Minimal fixes include: strong and enforceable independent audit/oversight powers, rollback of immunities for voluntary spying by private companies, and removal of warrantless disclosures, higher standards for access to sensitive information, and sunset clauses to study future impact of the legislation.
Overall, as last presented, the online spying bills present a serious erosion of privacy for Canadians. The legislation would need dramatic reforms before its reintroduction if it were to truly strike the appropriate balance between legitimate law enforcement needs and privacy rights of Canadians. To argue otherwise is to present constituents with false hopes and expectations.
Letters from MPs to pro-Internet community members
Our Government is strongly committed to ensuring that Canadians’ rights under the Canadian Charter of Rights and Freedoms are respected.
The new lawful access tools proposed in our legislation will not derogate from existing safeguards and privacy protections. The need to respect a person’s reasonable expectation of privacy, as protected under the Charter, always guides law reform.
In addition, such authority will continue to be exercised bearing in mind privacy rights under other legislation, such as the Privacy Act and the Personal Information Protection and Electronic Documents Act.
Police will still be required to obtain judicial authorizations in order to obtain information under our legislation. None of the lawful access tools in this legislation will reduce existing privacy safeguards such as warrants, court orders, and other judicial authorizations.
Law enforcement agencies cannot intercept private communications or obtain transmission data without being authorized to do so by law. The investigative tools created in this legislation preserve existing safeguards, such as requirements for warrants, court authorizations or other lawful authority to target specified communications. These investigative tools are time-limited, and nothing put forward in the proposed legislation would reduce the existing safeguards. Notably, the legislation will also enhance privacy protections in the current tracking warrant provisions.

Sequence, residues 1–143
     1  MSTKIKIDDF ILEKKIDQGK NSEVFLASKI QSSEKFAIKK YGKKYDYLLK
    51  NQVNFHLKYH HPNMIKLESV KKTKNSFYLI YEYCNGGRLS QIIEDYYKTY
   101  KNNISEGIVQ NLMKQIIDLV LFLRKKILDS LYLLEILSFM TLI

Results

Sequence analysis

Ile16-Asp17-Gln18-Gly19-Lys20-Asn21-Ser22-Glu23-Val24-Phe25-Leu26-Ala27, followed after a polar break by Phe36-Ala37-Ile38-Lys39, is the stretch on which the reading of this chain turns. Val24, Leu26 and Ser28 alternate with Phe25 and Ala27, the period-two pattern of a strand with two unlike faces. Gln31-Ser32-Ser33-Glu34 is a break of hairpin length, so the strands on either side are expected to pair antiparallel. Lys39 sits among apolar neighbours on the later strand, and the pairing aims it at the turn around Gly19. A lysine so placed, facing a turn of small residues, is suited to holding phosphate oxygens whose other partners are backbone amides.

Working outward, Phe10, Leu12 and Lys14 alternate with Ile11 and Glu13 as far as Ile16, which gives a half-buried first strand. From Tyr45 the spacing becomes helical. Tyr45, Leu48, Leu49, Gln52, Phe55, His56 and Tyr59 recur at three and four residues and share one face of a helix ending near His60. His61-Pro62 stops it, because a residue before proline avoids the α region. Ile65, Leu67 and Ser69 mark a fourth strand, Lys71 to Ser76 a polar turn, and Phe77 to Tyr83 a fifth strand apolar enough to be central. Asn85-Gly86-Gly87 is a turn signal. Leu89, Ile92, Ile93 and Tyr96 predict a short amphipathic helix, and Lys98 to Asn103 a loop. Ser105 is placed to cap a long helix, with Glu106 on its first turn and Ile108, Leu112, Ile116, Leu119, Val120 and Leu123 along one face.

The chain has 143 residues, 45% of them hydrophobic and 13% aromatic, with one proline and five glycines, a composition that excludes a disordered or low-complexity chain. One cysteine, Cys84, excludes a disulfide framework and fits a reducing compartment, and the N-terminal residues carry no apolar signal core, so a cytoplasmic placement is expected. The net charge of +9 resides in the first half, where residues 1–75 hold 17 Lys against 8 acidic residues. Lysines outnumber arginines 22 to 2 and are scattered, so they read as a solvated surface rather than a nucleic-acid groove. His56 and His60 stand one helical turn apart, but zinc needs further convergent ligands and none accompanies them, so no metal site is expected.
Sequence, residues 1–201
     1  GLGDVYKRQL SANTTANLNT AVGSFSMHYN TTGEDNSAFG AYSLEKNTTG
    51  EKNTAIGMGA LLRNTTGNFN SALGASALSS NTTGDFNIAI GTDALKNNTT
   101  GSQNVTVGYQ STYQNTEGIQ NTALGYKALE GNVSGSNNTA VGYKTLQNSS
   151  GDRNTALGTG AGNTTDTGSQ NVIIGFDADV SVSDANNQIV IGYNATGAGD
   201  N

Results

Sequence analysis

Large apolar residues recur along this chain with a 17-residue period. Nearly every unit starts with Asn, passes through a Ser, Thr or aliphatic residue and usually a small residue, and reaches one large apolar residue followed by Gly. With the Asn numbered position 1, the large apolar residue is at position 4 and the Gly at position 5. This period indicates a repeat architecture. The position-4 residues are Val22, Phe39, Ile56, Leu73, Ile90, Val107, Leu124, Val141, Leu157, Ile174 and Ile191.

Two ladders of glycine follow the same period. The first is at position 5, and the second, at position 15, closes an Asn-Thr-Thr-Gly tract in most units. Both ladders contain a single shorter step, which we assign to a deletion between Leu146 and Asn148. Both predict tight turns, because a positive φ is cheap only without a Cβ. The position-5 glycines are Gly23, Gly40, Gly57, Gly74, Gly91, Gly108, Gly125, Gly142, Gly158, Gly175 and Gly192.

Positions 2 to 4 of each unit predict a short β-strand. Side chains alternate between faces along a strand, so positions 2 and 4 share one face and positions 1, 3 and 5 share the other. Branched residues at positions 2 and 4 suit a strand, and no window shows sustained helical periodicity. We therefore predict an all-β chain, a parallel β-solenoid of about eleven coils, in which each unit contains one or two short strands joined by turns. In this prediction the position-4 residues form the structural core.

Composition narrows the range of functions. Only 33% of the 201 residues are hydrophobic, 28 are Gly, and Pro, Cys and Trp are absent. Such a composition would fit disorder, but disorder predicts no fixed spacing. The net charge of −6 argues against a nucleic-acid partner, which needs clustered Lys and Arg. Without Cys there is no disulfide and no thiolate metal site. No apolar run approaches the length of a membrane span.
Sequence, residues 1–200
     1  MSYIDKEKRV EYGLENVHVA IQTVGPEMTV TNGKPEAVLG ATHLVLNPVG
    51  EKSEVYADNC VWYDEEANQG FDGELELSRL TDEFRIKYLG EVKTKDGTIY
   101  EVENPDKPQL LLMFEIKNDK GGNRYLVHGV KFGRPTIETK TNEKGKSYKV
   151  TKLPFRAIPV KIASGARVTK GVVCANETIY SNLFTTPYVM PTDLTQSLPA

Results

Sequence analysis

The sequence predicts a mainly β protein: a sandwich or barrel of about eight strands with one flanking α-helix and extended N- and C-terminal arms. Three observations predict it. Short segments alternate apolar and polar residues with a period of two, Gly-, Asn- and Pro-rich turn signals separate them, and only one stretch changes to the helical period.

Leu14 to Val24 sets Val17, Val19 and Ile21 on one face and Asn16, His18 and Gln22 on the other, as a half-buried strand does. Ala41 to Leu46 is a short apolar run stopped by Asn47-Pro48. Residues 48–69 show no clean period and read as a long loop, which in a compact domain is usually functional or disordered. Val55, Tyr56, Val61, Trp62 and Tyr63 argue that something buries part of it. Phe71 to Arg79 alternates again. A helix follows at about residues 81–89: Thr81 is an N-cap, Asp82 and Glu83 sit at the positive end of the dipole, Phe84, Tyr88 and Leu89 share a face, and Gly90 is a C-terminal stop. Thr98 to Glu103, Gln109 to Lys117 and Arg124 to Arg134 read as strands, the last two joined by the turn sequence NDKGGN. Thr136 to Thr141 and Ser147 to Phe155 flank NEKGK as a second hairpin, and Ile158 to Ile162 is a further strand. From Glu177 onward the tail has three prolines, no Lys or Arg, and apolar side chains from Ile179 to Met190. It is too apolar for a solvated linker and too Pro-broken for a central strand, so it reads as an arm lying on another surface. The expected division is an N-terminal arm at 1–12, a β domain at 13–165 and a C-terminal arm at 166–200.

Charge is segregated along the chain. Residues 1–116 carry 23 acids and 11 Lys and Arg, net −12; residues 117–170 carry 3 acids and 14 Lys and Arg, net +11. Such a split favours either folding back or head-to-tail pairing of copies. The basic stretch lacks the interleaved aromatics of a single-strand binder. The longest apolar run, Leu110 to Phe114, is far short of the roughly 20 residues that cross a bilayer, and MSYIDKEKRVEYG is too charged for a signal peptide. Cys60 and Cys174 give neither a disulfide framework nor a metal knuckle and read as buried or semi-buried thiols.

Dear Mr. ___________,
Thank you for your email of October 5th concerning internet privacy.
As technology evolves, many criminal activities – such as the distribution of child pornography - become much easier. We are proposing measures to bring our laws into the 21st Century and provide police with the tools they need to do their job.
On the issue of privacy, our approach strikes an appropriate balance between the investigative powers used to protect public safety and the necessity to safeguard the privacy of Canadians.
I would like to reassure you that the outrageous claims that private communications will be intercepted without a warrant is a complete fabrication. Our proposed approach of linking an internet address to subscriber information is on par with the phone book linking phone numbers to an address.
What this will NOT allow for is access to private communications without a warrant.
That being said, our message is clear: if you use technology to commit crimes – such as distributing child pornography – the police will apprehend you and you will be punished to the full extent of the law.
Good afternoon _________:
Thank you for your email regarding Lawful Access bills. I appreciate your comments and welcome the opportunity to respond.
In Bill C-10, the omnibus crime bill that is currently before Parliament, there are no provisions for changing the Lawful Access laws in Canada. Former bills C-50, C-51, and C-52 are not included in the omnibus crime legislation.
I trust that this has addressed your concerns.
Thank you for taking the time to write.